I've been musing on the question of speed and the end of a relationship. Since this is IT we are talking about, let's ask a simple question but on that is difficult to answer: "How do you get folk who are perfectly happy with Windows XP to change...
I've been musing on the question of speed and the end of a relationship. Since this is IT we are talking about, let's ask a simple question but on that is difficult to answer: "How do you get folk who are perfectly happy with Windows XP to change to something else?"
In a previous post I suggested that to a whole generation, a Windows XP desktop was for them a finished work, the culmination of a succession of exciting upgrades of hardware and software.
In the Open Source world at one time, fairly recently actually, it was received wisdom that although technical superiority would win out in the server market getting ordinary users to change to unfamiliar desktops was a step too far.
I am happy to say Microsoft has run square into the self same unfamiliarity problem with Vista and Office 2007. They are a bit too different to the 'finished work' without offering any must-have extras.
It gets even harder for Microsoft when even official Governmental bodies like BECTA advise the public sector procurers not to change. Ironically this stricture appears not to apply to other Government organisations in education such as the QCA (Qualifications and Curriculum Authority) who have clearly more money than sense.
Microsoft though has enough clout to follow alternative strategies for persuading its customers to change when they show signs of dragging their feet. The most obvious is by not allowing vendors to install XP on new machines and making sure lots of stuff, bit by bit, won't work on the old machines (allegedly).
The Open Source world in contrast with its plethora of cool Linux distributions and manifest lack of clout (on the desktop) only has the 'hey that's a cool desktop - I must change' strategy to fall back on and that's a pretty weak opener in the desktop wars.
Why indeed would one now change desktops, why in the past were we so willing, eager even, to do just that and now are so reluctant?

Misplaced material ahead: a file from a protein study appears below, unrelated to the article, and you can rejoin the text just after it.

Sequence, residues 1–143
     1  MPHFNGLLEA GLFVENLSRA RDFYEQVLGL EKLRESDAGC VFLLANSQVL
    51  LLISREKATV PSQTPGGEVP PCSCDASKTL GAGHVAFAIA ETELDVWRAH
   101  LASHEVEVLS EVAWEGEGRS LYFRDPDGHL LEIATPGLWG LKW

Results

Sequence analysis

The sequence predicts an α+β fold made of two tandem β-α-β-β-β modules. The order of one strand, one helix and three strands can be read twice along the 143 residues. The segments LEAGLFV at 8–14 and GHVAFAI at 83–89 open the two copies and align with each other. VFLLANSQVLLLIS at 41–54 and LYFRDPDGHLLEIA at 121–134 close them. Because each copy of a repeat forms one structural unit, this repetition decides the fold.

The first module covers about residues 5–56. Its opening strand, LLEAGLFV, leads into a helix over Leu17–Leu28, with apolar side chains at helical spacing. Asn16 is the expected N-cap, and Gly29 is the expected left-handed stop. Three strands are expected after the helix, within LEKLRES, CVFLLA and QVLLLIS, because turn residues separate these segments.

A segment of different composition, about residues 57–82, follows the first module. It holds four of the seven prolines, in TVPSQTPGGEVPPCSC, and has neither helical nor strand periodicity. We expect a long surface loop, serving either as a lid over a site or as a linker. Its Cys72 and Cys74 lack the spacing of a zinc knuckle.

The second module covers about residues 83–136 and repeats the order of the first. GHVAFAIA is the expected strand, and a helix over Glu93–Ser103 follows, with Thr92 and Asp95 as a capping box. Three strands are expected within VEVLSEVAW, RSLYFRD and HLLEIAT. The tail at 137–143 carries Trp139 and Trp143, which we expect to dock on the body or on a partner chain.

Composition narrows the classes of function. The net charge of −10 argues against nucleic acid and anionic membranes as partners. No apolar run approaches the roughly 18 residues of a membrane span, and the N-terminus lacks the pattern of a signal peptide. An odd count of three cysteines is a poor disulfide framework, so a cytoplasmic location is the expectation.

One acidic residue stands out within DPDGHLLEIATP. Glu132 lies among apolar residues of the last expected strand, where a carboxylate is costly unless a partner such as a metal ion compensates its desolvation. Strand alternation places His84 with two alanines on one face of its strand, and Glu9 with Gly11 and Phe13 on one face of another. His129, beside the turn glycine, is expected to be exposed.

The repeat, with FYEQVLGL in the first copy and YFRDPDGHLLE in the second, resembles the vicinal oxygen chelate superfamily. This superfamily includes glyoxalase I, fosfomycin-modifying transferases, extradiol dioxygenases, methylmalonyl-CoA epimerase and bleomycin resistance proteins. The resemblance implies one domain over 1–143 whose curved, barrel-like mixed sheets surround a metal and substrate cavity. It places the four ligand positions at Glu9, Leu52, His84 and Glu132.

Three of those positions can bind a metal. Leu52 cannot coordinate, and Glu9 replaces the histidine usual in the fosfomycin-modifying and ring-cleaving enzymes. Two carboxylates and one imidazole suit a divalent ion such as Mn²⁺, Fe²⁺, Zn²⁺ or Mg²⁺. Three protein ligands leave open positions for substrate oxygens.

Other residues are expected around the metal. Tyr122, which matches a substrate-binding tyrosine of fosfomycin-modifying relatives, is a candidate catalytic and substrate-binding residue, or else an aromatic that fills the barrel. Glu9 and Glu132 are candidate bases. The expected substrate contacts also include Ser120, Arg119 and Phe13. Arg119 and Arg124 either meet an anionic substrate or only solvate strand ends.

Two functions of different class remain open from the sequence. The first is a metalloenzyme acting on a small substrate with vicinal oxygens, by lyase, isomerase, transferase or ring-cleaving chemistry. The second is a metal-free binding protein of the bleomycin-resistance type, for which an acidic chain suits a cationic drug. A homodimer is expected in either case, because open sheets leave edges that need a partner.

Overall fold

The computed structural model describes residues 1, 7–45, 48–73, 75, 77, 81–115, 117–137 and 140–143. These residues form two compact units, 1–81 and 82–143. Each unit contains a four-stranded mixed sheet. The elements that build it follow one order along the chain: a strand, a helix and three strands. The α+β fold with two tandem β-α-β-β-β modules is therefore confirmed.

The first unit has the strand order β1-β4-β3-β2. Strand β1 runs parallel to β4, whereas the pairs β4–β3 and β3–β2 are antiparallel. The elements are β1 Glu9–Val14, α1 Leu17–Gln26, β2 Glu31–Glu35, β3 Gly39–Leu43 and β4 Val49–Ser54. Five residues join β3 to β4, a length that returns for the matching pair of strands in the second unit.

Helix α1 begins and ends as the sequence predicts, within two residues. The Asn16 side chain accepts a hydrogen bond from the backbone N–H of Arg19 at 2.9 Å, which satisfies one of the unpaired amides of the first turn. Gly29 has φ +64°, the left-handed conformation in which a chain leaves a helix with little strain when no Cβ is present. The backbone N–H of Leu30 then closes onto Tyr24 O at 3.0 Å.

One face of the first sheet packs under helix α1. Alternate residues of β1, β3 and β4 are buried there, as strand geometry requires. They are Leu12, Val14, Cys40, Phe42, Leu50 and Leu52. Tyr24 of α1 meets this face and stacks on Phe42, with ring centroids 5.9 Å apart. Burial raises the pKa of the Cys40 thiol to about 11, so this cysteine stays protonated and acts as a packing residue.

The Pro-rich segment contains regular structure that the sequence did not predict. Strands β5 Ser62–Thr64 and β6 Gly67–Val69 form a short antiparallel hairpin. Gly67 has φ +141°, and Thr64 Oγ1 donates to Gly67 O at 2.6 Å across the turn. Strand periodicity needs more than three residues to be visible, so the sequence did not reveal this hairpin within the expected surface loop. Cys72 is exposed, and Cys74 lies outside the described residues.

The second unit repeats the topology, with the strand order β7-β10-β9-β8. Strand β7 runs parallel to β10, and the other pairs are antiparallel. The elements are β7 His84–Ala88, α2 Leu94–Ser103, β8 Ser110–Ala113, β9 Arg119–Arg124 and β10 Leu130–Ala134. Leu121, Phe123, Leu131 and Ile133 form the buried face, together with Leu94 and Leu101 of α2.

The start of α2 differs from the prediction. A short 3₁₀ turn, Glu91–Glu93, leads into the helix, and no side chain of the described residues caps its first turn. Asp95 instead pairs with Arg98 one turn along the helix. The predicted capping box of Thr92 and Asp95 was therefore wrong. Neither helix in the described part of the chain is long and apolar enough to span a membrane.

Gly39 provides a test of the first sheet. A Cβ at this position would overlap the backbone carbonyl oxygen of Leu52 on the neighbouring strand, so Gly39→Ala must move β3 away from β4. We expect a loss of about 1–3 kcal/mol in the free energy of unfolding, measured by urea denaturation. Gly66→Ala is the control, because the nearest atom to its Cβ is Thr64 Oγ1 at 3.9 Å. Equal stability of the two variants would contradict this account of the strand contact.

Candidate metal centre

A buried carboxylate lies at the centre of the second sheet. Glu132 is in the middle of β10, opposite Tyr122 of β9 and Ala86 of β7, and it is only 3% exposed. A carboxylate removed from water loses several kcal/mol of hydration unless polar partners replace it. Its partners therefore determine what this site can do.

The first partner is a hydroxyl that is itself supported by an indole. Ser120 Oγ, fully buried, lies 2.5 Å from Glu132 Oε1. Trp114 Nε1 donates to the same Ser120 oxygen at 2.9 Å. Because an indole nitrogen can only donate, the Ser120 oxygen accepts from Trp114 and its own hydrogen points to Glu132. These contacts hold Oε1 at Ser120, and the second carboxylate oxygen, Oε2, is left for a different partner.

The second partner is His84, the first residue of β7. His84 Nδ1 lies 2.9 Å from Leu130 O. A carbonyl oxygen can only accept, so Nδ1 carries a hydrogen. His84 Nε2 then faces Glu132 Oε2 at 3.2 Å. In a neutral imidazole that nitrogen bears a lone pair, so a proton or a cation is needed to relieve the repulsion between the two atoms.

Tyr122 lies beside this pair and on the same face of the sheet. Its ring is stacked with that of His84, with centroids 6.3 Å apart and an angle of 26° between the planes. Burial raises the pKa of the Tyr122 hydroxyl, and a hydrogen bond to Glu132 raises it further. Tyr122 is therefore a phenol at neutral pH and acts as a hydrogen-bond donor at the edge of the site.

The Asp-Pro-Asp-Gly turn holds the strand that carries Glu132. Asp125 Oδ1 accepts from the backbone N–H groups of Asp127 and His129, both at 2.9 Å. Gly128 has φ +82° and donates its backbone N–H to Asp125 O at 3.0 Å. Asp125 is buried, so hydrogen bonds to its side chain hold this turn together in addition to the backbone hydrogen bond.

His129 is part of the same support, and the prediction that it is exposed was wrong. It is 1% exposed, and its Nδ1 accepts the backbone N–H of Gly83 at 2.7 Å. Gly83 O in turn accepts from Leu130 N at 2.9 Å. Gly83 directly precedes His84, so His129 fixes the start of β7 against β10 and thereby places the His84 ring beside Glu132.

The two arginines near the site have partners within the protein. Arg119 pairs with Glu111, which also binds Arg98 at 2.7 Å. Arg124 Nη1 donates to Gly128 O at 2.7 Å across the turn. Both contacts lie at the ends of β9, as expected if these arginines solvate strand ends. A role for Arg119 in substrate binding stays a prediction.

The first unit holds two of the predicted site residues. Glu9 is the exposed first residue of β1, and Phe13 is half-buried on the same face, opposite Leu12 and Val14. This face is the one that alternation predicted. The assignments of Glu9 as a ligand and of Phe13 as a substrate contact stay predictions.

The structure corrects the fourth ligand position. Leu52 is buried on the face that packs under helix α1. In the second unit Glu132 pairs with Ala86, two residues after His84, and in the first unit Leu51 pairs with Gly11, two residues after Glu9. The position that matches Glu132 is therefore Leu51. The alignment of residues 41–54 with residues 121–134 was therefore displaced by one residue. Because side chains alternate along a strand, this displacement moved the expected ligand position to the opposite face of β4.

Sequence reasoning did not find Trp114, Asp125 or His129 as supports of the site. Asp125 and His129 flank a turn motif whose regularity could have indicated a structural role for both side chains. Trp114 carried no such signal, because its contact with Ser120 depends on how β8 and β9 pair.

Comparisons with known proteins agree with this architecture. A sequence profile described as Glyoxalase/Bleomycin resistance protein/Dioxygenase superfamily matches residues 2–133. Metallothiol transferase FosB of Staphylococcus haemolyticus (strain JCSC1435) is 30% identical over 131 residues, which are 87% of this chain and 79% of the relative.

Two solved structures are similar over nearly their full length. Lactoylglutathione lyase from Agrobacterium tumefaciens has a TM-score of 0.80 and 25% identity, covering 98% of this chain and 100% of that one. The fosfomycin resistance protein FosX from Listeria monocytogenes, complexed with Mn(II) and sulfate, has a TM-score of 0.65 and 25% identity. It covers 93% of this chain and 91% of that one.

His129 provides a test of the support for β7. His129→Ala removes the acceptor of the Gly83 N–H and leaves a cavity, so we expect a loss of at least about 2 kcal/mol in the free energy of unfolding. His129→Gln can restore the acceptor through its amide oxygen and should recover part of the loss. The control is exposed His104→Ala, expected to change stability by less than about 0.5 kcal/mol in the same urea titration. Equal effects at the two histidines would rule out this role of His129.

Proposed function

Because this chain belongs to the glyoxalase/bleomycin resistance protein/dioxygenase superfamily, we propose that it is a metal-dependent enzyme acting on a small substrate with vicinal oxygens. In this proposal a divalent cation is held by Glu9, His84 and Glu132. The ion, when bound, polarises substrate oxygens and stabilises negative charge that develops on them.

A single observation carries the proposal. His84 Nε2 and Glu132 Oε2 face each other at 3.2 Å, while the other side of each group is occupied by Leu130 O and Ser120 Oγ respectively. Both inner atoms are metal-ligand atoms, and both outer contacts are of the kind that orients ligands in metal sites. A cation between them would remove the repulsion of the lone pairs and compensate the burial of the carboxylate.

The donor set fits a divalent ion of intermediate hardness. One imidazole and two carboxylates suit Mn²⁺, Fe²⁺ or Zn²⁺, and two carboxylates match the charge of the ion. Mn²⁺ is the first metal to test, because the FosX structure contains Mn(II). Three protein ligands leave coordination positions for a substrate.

Reasons to Upgrade
Readers of a certain vintage will remember the Intel hardware upgrades from the 286 to 386 to 486 to 586 Pentium processors, running parallel, Microsoft's OS went from Windows 3 to 3.2 to 95 to 98 and 2000 and Word went from Word 2 (very good it was too) through 6 to 97 and 2000. The amount of RAM fitted to a PC went up during this time from 16mb to 1gb. We all handed over our cash as soon as we could to experience the latest thing.
Of course power consumption went through the roof at the same time but we did not care much back then... No, what we did care about was speed. 486 owners were lightning fast when running Word 2 when compared to lowly mortals who only had a 286. I really coveted the next upgrade, I really did.
Unfortunately but seemingly inevitably, what was also happening during this period was the emergence of 'bloat ware'. Software got more features and more code to take advantage of the new hardware power until things became absurdly bloated.
The tale is told that even Microsoft's own engineers struggled mightily to upgrade the highly evolved XP to Vista's extra feature list but were defeated by the mighty code base and effectively started again using the simpler 2003 Server code. If true, this story provides an exemplar in what the Science Philosophers call 'paradigm elaboration'. Ultimately the accretion of ad-hoc modifications causes the edifice to collapse.
To cut a long tale short - as a result of bloated software, most computers are no longer fast, period. They are dog slow. MS Office 2007 is huge, so is Open Office (sorry guys). Running say Office 2007 or Open Office 2.4 on a budget laptop with Vista Home Premium is a dismally slow experience compared to the same machine running XPpro and Word 97/2000. Don't try this at home kids.
All good things come to an end however and this applies to this particular upgrade cycle. The emergence of new technologies may complement the status quo but sometimes they disrupt it. Those described below fall into the later category and have occurred at a time of hiatus in the prevailing paradigm.